few / little / less / fewer

Few is used with countable nouns, and little is used with uncountable nouns:

  • I have a little money.

    (money = uncountable)

  • I have a few dollars.

    (dollars = countable)

  • There’s little entertainment in this town.

    (entertainment = uncountable)

  • There are few nightclubs in this town.

    (nightclubs = countable)

  • ne important detail:
  • little is used with a negative connotation (“not much”)
  • a little is used when it’s a positive connotation (“better than nothing!”)

    It’s the same with “few” and “a few”:

  • He’s not very popular. He has few friends. or ( a bad thing)
  • He has a few friends that he hangs out with all the time. or ( a good thing)
  • She’s not qualified for the job because she has little experience in this area. (= a bad thing)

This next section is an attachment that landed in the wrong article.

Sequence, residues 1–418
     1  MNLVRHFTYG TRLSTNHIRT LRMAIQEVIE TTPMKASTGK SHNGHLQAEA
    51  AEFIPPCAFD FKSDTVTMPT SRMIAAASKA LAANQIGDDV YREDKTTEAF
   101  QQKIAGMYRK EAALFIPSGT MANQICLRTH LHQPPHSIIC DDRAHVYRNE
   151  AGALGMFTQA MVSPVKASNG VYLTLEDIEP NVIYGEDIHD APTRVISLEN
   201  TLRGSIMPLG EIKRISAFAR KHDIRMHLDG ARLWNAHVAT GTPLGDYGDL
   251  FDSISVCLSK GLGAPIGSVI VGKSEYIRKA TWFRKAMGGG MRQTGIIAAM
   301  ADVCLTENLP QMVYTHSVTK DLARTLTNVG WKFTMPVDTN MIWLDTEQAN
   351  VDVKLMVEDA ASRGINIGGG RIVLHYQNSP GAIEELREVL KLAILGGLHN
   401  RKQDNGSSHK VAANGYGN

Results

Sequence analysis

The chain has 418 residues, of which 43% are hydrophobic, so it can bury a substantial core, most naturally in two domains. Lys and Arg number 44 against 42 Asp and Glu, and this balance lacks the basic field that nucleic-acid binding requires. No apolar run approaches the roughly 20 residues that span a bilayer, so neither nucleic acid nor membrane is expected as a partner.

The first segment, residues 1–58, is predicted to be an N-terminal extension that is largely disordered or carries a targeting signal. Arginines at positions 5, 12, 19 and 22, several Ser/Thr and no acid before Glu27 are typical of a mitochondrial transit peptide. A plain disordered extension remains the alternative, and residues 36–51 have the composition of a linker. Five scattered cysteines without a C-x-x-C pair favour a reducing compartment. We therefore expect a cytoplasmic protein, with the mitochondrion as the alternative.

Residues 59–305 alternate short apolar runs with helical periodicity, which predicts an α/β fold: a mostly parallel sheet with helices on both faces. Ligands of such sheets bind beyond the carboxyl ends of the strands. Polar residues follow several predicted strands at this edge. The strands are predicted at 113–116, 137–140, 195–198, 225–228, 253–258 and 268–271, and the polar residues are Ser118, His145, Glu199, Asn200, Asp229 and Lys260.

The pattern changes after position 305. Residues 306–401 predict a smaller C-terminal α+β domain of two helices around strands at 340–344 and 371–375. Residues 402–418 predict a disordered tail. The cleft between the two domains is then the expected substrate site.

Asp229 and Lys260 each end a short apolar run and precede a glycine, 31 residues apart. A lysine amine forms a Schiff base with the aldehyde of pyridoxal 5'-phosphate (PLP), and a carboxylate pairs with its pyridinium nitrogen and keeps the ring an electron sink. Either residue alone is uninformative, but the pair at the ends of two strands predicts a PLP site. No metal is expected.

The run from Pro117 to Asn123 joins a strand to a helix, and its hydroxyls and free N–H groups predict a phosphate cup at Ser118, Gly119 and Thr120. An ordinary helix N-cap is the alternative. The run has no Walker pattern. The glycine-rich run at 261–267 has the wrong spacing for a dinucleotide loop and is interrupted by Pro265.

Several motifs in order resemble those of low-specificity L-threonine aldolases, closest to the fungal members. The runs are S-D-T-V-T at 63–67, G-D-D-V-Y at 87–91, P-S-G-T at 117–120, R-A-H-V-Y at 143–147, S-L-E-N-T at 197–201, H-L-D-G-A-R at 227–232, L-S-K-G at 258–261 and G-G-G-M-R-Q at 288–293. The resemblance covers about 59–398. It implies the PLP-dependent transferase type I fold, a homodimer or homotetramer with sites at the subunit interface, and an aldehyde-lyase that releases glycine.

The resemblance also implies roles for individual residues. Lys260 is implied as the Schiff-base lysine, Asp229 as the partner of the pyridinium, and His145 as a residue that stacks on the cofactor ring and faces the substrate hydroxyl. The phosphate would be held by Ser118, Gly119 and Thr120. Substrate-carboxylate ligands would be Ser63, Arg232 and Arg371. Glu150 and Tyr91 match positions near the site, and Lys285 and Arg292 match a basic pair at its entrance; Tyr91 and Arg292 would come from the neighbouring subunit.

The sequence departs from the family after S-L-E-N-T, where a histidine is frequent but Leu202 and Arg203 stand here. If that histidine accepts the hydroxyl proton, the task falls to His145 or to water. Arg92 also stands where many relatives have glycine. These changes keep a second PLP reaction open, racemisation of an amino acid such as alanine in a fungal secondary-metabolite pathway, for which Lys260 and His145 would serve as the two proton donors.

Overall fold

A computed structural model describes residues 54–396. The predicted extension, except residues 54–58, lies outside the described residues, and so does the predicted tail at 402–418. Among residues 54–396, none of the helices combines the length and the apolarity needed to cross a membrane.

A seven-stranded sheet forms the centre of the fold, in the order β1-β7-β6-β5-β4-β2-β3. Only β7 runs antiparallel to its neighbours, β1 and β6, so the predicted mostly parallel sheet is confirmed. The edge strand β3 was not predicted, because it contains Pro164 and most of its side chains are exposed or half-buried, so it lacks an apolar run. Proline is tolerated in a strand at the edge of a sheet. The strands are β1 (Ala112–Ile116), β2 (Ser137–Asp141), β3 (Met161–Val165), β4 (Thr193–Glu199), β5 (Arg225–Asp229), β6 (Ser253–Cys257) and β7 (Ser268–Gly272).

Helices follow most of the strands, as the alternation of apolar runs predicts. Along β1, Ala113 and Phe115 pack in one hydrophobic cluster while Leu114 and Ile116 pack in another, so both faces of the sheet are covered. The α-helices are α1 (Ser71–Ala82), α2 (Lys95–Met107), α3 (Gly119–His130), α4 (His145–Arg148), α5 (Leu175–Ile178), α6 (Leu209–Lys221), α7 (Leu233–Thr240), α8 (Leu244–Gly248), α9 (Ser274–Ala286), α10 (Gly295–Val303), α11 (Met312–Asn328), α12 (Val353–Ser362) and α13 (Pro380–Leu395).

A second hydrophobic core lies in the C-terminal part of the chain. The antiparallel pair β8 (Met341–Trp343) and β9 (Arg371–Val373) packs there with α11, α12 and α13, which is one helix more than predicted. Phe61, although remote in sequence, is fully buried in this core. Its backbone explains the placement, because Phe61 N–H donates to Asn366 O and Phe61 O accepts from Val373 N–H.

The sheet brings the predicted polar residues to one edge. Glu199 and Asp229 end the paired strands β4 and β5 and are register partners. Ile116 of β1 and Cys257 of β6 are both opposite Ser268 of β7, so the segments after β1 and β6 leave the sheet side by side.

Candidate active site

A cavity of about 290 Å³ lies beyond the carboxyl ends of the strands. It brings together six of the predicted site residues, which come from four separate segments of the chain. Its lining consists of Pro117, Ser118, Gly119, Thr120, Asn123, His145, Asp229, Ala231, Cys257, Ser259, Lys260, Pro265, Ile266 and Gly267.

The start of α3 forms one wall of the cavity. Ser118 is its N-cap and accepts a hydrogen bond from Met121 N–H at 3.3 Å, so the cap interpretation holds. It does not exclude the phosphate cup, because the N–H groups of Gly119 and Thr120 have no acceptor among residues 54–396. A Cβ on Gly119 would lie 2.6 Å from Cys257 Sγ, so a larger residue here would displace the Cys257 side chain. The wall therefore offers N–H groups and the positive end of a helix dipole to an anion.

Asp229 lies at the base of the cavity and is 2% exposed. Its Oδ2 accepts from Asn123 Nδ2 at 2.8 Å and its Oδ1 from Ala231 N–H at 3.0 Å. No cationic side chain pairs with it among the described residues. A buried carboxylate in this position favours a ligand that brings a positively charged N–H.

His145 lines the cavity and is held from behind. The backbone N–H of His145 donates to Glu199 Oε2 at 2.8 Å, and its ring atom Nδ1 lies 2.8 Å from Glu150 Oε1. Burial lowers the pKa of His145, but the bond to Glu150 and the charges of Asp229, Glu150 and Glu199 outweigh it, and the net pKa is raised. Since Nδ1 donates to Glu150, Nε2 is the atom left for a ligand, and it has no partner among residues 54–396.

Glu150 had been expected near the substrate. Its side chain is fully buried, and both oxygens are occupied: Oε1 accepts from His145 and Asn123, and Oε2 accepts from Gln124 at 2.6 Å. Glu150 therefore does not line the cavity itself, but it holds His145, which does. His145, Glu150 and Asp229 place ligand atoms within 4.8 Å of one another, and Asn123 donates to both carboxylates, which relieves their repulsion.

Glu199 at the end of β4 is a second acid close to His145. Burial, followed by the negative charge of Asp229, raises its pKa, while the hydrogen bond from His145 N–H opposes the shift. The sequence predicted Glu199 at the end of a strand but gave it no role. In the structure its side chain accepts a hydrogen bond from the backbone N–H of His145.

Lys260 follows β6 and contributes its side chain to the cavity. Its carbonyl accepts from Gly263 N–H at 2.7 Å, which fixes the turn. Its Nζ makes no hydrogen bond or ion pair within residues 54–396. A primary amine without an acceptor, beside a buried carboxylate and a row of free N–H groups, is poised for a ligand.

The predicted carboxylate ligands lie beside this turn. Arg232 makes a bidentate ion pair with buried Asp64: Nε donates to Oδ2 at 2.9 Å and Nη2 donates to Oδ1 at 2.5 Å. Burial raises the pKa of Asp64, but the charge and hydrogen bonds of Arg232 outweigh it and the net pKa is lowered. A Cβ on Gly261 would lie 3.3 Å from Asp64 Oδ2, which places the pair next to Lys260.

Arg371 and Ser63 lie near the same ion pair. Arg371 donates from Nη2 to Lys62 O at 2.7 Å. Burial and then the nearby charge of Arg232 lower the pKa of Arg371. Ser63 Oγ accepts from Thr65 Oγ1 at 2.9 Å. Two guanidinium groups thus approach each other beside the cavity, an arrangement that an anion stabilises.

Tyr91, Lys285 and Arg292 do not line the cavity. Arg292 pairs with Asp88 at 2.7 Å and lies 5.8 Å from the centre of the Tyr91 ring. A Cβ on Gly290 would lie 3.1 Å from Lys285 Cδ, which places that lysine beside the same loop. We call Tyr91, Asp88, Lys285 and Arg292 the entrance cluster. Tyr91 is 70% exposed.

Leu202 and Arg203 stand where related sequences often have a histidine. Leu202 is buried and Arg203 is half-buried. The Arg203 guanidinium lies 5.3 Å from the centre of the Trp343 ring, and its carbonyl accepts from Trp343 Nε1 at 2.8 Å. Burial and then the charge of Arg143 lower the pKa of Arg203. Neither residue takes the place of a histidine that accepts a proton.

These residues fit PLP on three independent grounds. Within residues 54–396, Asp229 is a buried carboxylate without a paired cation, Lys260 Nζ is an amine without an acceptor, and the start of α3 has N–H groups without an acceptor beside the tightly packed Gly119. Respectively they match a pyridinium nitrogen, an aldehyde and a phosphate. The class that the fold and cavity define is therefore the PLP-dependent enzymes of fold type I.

• She could do this job; she has a little experience in this area. or ( a good thing)

    Fewer and less are the comparative forms:

    Base Form Comparative Superlative

    few fewer fewest

    little less least

  • If I made 8 mistakes on the test, John made 5 mistakes, and Harriet only made 2 mistakes, then: I made few mistakes on the test, but John made fewer mistakes than me, and Harriet made the fewest mistakes.
  • If I have $20, John has $12, and Harriet has only $3, then: I have little money, John has less money than me, and Harriet has the least money out of all of us.
  • ne very common MISTAKE in the United States is signs in supermarkets that say “Ten items or less” for the express checkout lanes. The correct way is “Ten items or fewer” – because the word “items” is countable!